From Gunnedah Independent
New Gunnedah Red Devils first grade coach Jason Waerea and reserve grade co-coach, Josh Launders.
The ex-North Queenslander takes up the first grade coaching reins as the club prepares to celebrate its 125th year anniversary.
“I can’t wait to get into it,” Waerea said during a Devils’ meet-and-greet on Thursday evening.
Born in New Zealand but raised in Glenden, west of Mackay, he comes from a family of self-confessed “rugby tragics”.
Now happily settled in Gunnedah with a family of his own, it wasn’t long before a desire to return to his rugby roots resurfaced.
“”I was pretty impressed with what I saw the guys were capable of last year.” – New Devils coach Jason Waerea.”
“I came and watched a couple of hit-outs last year and I got a bit energised [about rugby] again,” he said.
“My wife said to me ‘it looked like you really enjoyed it being down there’ and I said ‘yeah I did’.”
Not only that, he could also see a bright future in wait for the Devils.
“I was pretty impressed with what I saw the guys were capable of last year and I’m excited to be part of their development this season,” he said.
Given his Kiwi heritage, it’s little surprise to learn of Jason’s passion for rugby. But growing up as a kid in country Queensland, that wasn’t always the case.
“We relocated to Australia when I was eight, so I grew up playing [rugby] league until high school where I took up playing rugby.
“It was the social aspect, the camaraderie of the game, that I fell in love with.”
He made state junior representative sides and joined his hometown club, the Glenden Gladiators, founded by his father.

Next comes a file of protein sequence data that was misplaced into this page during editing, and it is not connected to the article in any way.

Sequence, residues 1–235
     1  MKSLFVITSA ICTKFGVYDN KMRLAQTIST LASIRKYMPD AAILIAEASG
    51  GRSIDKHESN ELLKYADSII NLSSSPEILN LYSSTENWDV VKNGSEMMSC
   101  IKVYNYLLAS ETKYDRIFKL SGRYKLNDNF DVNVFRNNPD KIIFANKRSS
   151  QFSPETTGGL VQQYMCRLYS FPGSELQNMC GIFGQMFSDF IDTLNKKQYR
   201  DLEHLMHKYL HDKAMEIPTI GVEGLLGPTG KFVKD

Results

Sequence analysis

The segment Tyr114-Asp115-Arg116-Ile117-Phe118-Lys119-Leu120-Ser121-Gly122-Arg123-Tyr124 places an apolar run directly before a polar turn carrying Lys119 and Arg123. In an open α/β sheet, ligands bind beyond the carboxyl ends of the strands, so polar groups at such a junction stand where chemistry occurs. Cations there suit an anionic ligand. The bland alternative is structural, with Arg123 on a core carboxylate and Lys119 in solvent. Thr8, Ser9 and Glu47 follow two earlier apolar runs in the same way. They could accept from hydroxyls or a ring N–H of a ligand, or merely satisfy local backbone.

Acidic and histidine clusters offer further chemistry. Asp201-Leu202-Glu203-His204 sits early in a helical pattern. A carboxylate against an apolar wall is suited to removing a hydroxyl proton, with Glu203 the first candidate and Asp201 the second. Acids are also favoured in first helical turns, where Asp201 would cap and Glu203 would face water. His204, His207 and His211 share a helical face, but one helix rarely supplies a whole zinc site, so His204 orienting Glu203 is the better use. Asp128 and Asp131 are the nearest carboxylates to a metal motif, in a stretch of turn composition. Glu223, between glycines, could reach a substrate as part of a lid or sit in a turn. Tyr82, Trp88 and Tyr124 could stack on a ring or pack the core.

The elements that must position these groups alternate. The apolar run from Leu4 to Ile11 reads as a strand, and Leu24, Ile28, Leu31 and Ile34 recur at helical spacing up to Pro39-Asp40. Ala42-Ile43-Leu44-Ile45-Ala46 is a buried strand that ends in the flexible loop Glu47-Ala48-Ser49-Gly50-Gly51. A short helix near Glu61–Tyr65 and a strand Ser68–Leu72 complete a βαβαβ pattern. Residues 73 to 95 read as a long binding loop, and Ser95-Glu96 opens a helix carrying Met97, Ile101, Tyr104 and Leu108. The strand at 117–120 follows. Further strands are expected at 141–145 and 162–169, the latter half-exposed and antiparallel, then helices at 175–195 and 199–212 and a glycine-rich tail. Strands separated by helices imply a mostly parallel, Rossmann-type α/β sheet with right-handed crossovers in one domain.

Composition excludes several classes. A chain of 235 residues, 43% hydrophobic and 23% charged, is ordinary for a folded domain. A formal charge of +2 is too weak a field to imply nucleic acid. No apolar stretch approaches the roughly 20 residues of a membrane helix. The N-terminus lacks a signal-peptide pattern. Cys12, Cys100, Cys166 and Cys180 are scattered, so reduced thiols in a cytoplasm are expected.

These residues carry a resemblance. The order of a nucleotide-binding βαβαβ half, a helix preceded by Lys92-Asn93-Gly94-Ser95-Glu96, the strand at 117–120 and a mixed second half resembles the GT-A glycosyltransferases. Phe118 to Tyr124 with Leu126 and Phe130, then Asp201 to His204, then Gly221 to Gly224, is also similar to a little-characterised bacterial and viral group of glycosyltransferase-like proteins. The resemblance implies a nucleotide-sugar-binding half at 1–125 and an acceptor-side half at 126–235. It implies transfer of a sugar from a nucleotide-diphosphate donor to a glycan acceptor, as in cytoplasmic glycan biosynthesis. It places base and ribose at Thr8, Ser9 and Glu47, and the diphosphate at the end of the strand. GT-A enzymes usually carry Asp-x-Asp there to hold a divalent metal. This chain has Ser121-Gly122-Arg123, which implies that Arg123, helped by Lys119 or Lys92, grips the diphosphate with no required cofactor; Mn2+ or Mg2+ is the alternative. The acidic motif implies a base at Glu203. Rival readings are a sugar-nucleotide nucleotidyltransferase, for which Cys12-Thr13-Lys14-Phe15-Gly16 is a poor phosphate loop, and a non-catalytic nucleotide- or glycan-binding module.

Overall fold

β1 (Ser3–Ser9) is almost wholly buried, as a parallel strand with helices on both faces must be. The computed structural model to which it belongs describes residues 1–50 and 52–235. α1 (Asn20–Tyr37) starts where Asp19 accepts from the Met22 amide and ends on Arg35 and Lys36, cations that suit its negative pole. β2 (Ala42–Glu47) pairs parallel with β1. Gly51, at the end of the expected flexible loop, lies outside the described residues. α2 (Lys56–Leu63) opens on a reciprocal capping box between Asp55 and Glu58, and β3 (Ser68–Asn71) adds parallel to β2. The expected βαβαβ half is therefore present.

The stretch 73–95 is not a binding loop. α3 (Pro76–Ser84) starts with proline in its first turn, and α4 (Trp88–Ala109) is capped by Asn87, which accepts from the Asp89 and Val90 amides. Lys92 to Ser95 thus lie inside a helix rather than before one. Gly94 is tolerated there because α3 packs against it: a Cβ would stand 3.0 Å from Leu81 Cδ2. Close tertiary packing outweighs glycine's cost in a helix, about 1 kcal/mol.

He would later lead the side as captain-coach and surpass 100 games for the Gladiators but further development was limited.
“I had exhausted where I could go with rugby,” he said.
The real eye-opener came after a move to the capital where he played first grade rugby in Brisbane for a few years.
“You saw other athletes, a lot more athletic, but equally competitive as myself,” he said. “And the big thing was team effort and commitment.”
The ex-flanker also spent 14 years involved with rugby in Newcastle.
He said the only difference between higher level competitions and those in the Central North, was the duration of intensity.
“You see a lot of effort that goes in the desire to play for a country club and that’s wonderful,” he said,
“The skill level is high [in Central North].
“The intensity and maintaining it for a longer period of time is the only thing that would differ.”
Training-wise, Waerea planned a strong focus toward “getting game fit”.
“I’m pretty big on more of that game-style of training,” he said.
In reserve grade, the Devils will be led by 2015 mentor Alex Costello and new co-coach, Josh Launders.
Meanwhile Brendan Bain and Matthew Hannay will coach the Devils’ under-18s.
Long-time club stalwart Bruce Hockings has stepped into the Red Devils committee as president.
Sam Leys is vice president, Bobbie Insch, secretary and Paul O’Donnell, treasurer.
Bruce, who has held many other Devils positions previously but never president, planned to open “a new page” in the club story this year.
“I’d like to see the players take more ownership so they can feel like it’s their club,” Hockings said.
“Because the more you put into it, the more important it means to you.”
To help foster the club camaraderie, the Devils are considering raising a tour squad for a trip away, possibly as early as next year.
First up, the club will host its season launch (February 12), the 10-a-side Gunnedah knockout (March 19), followed by the Red Devils ball and reunion on the bye weekend, shortly after the season begins.
Pre-season training started earlier this week, while the first match of the 2016 Central North Rugby season kicks off in late April.